Can Toronto support an outdoor winter music festival?
The Brrrrr! Festival existed in Toronto for a short span from 2013-2014, taking place at Echo Beach over first two days in its first year, then just one night in its second year. The event was inspired fairly directly by Montreal's Igloofest - scouts spent long nights at in Montreal learning on the (frozen) field how Piknic Electronik make it work in sub zero temperatures.
Quebec's Igloofest is actually a series, running over several weekends each winter (first Thursday-Satuday each week, now Friday-Sunday) run by the much lauded founders of summer dance series Piknic Electronik, who invited me out on a junket for a frigid weekend at the 2015 festival. This year saw a total of twelve nights of dancers donning full winter gear at Montreal's Old Port.
The event has become one of Montreal's hottest winter tourism draws, and on site it's easy to see why. The place becomes a microcosm of Canadian traditions: igloos made from real ice, sumo hockey, red cheeked partiers drinking beer and roasting weenies by roaring fires, and enormous parkas and plaid winter wear harkening back to a time when lumbersexual was not a choice.
It's also a unique experience for the DJs. Montreal techno DJ/producer and Igloofest veteran Paskal Daze is eager to heap praise on the concept.
"There's an amazing energy from the people," he says moments after his January 30th DJ set. He's always stunned by the visual experience from the (heated) outdoor DJ booth. "There's ten thousand people. Winter is special: tourists come here just for Igloofest."
"They built a monster here" he tells me, "I've never heard someone say a negative thing about Igloofest. You have to live the experience."
Outside of the VIP trailers, the crowd's energy and enthusiasm echoes Paskal's. Montreal has created a tiny, ultra-Canadian version of Burning Man's surreal and carnivalesque nightlife experience, and of the thousands who attend each night, about 15% are tourists from Canada, the US, and further abroad.
While attendance to Brrrrr!'s first years in Toronto was, in the opinion of Igloofest, as strong as a the concept could expect and in line with Igloofest's early numbers, Live Nation dropped the festival for 2015.
Project Manager Mark Russell told me of Brrrrr!'s untimely demise: "at this time we have decided to go in a new direction with our programming, which does not include plans for Brrrrr! We will continue exploring ideas for new concepts as we strive to create new immersive musical experiences for our fans."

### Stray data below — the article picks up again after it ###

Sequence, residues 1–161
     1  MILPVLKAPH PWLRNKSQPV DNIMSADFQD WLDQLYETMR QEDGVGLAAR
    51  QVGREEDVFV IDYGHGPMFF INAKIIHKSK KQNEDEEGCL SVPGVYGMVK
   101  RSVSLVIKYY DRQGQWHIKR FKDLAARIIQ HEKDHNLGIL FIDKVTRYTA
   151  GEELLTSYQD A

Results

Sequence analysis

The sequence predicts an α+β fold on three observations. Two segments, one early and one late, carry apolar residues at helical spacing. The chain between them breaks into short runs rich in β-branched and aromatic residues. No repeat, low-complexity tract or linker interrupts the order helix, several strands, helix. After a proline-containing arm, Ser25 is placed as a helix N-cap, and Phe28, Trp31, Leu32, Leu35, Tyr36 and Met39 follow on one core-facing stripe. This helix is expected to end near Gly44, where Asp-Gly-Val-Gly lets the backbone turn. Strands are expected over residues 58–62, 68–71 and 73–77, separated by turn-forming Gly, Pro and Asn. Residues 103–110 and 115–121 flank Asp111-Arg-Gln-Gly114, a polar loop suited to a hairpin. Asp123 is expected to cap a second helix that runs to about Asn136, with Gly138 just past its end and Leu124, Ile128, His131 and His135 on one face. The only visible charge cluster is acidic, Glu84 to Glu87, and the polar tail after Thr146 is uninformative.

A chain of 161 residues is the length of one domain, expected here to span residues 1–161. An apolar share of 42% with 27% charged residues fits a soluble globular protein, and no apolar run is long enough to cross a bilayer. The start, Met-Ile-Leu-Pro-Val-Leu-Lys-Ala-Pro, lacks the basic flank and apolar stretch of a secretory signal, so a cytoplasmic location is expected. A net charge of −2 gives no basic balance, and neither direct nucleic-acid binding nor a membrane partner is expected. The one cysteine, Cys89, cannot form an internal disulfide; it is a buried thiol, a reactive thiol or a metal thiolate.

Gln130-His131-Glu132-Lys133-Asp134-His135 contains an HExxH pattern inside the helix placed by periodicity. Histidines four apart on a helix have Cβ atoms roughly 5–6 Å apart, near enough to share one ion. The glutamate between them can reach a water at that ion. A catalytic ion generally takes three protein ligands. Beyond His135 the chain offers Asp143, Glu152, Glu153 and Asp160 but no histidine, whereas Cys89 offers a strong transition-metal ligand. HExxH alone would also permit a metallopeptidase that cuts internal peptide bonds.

In Montreal, opinions are varied on whether Brrrrr! could have sustained itself long term, and if Toronto itself can support a future event similar to Igloofest.
Toronto's dance community is huge, as evidenced by everything from the club scene to Foundry and Cherry Beach to the resounding success of mega summer festivals VELD and Digital Dreams. There's no denying that niche techno and big ticket EDM events sell tickets and move bodies.
While Igloofest stress that their careful lineup curation is extremely important, surveys of the crowd have shown that each night many attendees don't have a clue about who's playing - though these dancers' musically minded friends naming it a place to be likely doesn't hurt attendance.
Considering Toronto's diverse dance communities, it doesn't seem like Brrrrr! fumbled its lineups - or that they even could have with the power of Live Nation's booking prowess behind them.
Food & Drink
Brrrrr! had food trucks (of course - it's Toronto) offering more selection than Igloofest grubwise, and the bars were serving up both alcoholic and non alcoholic hot drinks at both. But while gourmet food trucks can add to a summer festival experience, when it's -20C maybe all a dancer wants to do is scarf down a hot dog or take a shot and put their gloves back on.
Brrrrr! and Igloofest provided warming stations for all general admission partiers, plus heated VIP areas for those willing to spend a bundle - again, it's clear that Brrrrr! didn't go ahead in Toronto without checking in at Igloofest. Even a five minute respite from the frigid air outside is rejuvenating, especially if you need to send texts and locate friends.
Toronto's warmer than Montreal, so a winter dance festival should be preferable here - less layering and less risk of hypothermia, right? In Montreal, this sentiment rings untrue both to Igloofest organizers and the festival's fans.